As for those who will never be my friend, you know who you are. You’re shallow; you’re narrow-minded; you’re petty; you’re mean spirited; you’re dishonest. While my entire focus is to be “a good friend” to all who are my friends, that doesn’t mean I’m going to be a door mat. I don’t relish being stabbed in the back, and I don’t think anyone does.

I know what it’s like to be a bad friend, and I vow not to walk that path again.

If you are my friend, I’ll be here for you. As long as I can help you, I will.

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10 Responses

  1. {{{{{{{{{{{{Pan}}}}}}}}}}} *rubs around ankles purring affectionately* I love you, Pan! 🙂

  2. I know what you mean. I have a history of being the friend to everyone and when I need one, there aren’t any around. Just my luck. Also, I’ve moved four times in the past six years. That doesn’t really allow one to build local friends.

    I’m like you when it comes to the Internet and making friends. The only problem is distance.

  3. When I really needed my friends a few years ago, I was astonished at who came through for me and who didn’t.

    Its not always easy to predict – even though I had long prided myself (erroneously as it turns out) on being a good judge of character.

    I wholeheartedly agree with your focus being on the kind of friend you are yourself – that, at least, you can control and it has an enormous effect on the kind of people you attract as friends.

  4. Friendship is a funny thing, isn’t it?

    I’m glad we’re friedns though.

  5. I’m glad I’m friends with kitties too… 🙂

    Long distance friends are sometimes the best.

    Me too, W…

  6. Ms. Pande,

    The only Perfect One died on the cross, the rest of us just gotta do the best we can.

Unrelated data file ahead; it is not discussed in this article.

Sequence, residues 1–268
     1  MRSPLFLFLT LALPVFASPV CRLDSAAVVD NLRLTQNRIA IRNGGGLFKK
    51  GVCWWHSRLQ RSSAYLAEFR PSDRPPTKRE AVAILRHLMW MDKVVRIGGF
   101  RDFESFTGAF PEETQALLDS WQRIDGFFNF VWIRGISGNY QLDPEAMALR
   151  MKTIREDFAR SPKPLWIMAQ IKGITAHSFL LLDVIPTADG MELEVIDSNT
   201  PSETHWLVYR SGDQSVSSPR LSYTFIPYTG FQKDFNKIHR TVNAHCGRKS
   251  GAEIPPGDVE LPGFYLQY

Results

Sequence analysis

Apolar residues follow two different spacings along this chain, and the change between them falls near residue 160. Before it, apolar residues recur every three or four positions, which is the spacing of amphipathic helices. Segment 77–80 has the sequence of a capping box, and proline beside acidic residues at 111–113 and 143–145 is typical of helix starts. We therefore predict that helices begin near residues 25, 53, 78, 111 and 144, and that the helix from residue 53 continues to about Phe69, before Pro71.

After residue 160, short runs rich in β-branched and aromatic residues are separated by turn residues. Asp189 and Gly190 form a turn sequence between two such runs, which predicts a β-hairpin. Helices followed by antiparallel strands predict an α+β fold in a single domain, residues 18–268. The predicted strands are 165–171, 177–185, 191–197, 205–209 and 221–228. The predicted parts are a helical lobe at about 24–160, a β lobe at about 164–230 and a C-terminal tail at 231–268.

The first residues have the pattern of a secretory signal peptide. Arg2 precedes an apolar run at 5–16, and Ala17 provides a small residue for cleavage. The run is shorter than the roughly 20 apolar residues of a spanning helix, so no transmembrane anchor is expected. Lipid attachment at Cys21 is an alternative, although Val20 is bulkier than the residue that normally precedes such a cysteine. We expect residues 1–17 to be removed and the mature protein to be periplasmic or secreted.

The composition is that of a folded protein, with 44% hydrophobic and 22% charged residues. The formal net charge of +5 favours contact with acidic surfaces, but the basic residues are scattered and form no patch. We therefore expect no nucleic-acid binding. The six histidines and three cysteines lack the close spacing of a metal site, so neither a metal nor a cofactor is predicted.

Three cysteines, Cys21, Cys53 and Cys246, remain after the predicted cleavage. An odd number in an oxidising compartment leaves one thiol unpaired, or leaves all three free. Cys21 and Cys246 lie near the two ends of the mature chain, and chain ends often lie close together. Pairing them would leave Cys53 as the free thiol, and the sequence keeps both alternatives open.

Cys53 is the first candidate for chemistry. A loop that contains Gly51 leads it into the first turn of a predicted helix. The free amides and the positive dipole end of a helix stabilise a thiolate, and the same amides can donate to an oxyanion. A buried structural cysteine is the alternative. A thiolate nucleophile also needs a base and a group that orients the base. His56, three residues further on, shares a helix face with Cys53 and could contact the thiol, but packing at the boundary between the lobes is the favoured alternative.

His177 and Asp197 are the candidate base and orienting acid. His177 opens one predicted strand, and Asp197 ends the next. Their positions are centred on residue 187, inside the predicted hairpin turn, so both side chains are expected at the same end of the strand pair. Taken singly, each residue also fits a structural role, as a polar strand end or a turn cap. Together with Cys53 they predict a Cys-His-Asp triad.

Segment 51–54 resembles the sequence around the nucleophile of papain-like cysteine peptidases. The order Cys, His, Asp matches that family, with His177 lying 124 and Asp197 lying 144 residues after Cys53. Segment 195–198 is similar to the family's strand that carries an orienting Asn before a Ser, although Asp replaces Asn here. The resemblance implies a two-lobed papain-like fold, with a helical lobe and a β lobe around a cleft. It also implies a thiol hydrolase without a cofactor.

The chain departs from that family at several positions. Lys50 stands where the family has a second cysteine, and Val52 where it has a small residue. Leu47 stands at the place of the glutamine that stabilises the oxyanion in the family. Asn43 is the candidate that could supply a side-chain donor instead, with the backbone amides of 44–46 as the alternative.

WordPress is a connected online community of human beings who always give me much to think about. I’m sorry for the mistakes I’ve made too, but I don’t dwell on ’em. I’m only human. Lord knows I didn’t make ’em on purpose.

    Dr. B

    Dr. B

  7. You are my friend, I’ll be here for you. As long as I can help you, I will.

    Yup. I can attest to the truth in that statement.
    I also agree with it. What comes around, goes around.

  8. Interesting post, Pan. I think it’s absolutely true that making and keeping friends requires mindful effort, and sometimes other things are more important. I also think that one possible way to define or recognize a friend is that a real friend won’t feel neglected or pushed aside when other parts of life intervene or distract. Probably a pretty deep level of essential closeness has to be established before that can happen, but still … there are people I can think of who are more distant than they used to be due to marriage and children, but I don’t feel that they are any less my friends than they ever were … it’s just that their immediate focus has changed in a way that I acknowledge to be appropriate.

    I guess one hard part about friendship is trusting that the bond is still there even when circumstances don’t make the bond obvious.

  9. A true friend will understand it if your life is temporarily reorganized, David. Even if the temporary reorganization lasts for 20 years!

    Most people want the focus to be on them, so if there is less of a focus, they immediately think the friendship is over. You have to forgive a little neglect, especially if it’s benign. Unless the person is overtly evil, I would take a breath and do something else.

    I guess you can apply the same principle to mates as well.

  10. Love this post!